California Coastal Commission keeps grabbing land

October 23, 2012 - By admin

Oct. 23, 2012

By Katy Grimes

What do you get when you have a powerful state commission of 11 unremarkable people, which produces nothing, but regularly takes money and property from taxpaying citizens, while currying favors with others?

I just defined the California Coastal Commission.

However, for 40 years the California the Coastal Commission has managed to fly under the radar of most residents and communities outside of the coast. And it has done this with the help of Democratic lawmakers.

The California Coastal Commission has operated since 1972 without oversight. Attempts to rein in the rogue agency have landed in Superior Court, appellate court and even up to the state Surpreme Court. But it became very clear long ago that the Coastal Commission is not about environmentalism or conservation. This unelected state commission is about power over the people.

How has this happened?

The California Coastal Commission was established in 1972 by voter initiative. Proposition 20 authorized the State of California to regulate development of the coastal zone, and gave the Coastal Commission permit authority for four years. Four years later, the Legislature passed the California Coastal Act of 1976, which extended the authority of the Coastal Commission indefinitely.

Proposition 20 was written by Peter Douglas, a darling of the left, who became the director of the commission and sat on it for more than 25 years.

Coastal “disturbances”

Any “disturbance” imposed on California’s coastal areas without a permit constitutes a violation of the Coastal Act.  Some violations: Sunbathing using a portable umbrella on your own private property above the public beach in Newport Beach; replacing rotten planks on a landing midway down a stairway to the beach; and obstructing the view of the coast in any way imaginable.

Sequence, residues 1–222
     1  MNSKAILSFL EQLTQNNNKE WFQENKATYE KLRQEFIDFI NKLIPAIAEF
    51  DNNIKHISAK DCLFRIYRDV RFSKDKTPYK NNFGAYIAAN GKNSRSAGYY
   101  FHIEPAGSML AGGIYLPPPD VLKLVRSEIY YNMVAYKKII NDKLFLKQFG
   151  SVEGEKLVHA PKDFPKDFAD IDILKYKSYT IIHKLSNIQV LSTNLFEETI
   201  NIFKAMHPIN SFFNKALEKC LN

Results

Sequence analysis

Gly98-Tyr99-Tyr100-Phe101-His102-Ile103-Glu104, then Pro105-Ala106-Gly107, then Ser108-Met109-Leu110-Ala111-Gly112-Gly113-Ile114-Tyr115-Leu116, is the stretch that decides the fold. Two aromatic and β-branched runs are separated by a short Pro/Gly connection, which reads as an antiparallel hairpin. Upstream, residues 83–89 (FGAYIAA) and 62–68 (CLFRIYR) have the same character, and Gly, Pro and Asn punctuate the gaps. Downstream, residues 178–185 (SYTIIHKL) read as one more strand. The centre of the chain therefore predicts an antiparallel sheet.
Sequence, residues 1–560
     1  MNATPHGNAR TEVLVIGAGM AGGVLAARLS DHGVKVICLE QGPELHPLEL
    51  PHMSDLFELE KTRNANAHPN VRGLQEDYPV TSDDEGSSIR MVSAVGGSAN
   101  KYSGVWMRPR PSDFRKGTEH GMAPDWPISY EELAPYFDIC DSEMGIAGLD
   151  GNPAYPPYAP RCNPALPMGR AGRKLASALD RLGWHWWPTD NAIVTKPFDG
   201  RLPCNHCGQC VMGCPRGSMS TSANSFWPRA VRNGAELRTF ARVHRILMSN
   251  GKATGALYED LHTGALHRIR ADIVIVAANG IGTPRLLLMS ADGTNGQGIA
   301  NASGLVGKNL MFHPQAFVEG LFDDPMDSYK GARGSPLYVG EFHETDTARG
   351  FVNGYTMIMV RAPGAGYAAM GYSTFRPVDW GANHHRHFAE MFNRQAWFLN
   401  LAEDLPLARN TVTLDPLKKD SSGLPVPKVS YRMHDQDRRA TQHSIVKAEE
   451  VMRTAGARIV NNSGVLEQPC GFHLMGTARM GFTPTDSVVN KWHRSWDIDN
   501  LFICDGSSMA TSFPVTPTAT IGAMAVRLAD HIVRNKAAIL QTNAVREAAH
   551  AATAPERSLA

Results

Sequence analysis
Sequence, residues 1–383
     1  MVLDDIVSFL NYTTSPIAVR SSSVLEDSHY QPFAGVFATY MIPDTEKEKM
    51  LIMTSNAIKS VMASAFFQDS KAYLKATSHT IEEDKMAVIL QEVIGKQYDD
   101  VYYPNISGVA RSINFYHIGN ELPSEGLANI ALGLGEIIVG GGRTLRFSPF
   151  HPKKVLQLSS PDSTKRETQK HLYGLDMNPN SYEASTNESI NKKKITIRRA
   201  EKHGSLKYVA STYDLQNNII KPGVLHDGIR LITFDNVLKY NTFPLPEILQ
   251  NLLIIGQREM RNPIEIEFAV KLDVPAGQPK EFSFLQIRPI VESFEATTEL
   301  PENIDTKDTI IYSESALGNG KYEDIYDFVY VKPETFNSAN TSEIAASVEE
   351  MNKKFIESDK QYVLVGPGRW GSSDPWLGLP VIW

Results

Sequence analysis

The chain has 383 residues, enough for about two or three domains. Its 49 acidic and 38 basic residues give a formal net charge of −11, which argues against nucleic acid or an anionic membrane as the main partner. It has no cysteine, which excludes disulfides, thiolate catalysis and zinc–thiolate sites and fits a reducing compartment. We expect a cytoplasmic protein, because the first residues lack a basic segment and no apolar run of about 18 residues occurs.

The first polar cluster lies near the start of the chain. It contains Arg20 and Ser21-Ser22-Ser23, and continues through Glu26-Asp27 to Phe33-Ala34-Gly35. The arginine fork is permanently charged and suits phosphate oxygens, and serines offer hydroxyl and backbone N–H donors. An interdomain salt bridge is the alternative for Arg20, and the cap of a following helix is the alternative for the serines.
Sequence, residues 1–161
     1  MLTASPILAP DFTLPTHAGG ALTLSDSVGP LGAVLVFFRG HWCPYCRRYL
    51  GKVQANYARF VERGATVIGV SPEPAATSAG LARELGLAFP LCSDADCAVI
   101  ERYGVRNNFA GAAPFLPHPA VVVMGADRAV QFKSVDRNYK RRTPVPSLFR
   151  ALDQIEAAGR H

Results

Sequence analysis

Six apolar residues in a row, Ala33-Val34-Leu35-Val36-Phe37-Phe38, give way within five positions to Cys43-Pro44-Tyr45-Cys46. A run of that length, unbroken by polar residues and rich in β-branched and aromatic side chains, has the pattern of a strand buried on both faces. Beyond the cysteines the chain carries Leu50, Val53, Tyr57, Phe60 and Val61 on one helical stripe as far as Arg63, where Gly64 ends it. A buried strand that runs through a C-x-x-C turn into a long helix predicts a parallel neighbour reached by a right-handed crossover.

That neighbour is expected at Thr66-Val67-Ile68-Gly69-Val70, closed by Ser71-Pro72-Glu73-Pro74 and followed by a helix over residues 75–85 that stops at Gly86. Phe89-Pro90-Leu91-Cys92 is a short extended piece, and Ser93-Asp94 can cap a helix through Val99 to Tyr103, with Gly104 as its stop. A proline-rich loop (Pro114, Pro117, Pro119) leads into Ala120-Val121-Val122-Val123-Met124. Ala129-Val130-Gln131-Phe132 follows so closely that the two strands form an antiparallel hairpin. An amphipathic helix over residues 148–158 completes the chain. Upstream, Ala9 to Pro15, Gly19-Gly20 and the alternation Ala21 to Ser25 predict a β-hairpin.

The Coastal Commission is the biggest nanny California has. But while the agency may be dressed as a nanny, it behaves like a bully.

The most notable land-use challenge to the Coastal Commission was the Nollan case. In 1987, the Nollans owned beachfront property in Ventura County and wanted to replace a 504-square-foot bungalow which had fallen into disrepair with a 2,500-square-foot house.

Nollan v. California Coastal Commission went all the way to the U. S. Supreme Court because the Coastal Commission tried to require that the Nollans give up a piece of their beach front land as a public easement as a condition of approval of a permit to demolish an existing bungalow and replace it with a three-bedroom house. The Coastal Commission had asserted that the public-easement condition was imposed to promote the legitimate state interest of diminishing the “blockage of the view of the ocean” caused by construction of the larger house.

In a highly controversial 5-4 ruling, the U.S. Supreme Court ruled that the requirement by the Coastal Commission was a constitutional “taking” of private property in violation of the Fifth and Fourteenth Amendments of the U.S. Constitution.

Stolen property and stolen life

In 1997, Dan and Denise Sterling bought nearly 140 acres of land in the hills of El Granada, in San Mateo County, planning to build a large house. Ten acres of the property were classified as prime agriculture located along the El Granada Creek watershed, making it necessary that any development comply with farmland requirements under San Mateo County’s Local Coastal Plan, the Half Moon Bay News reported.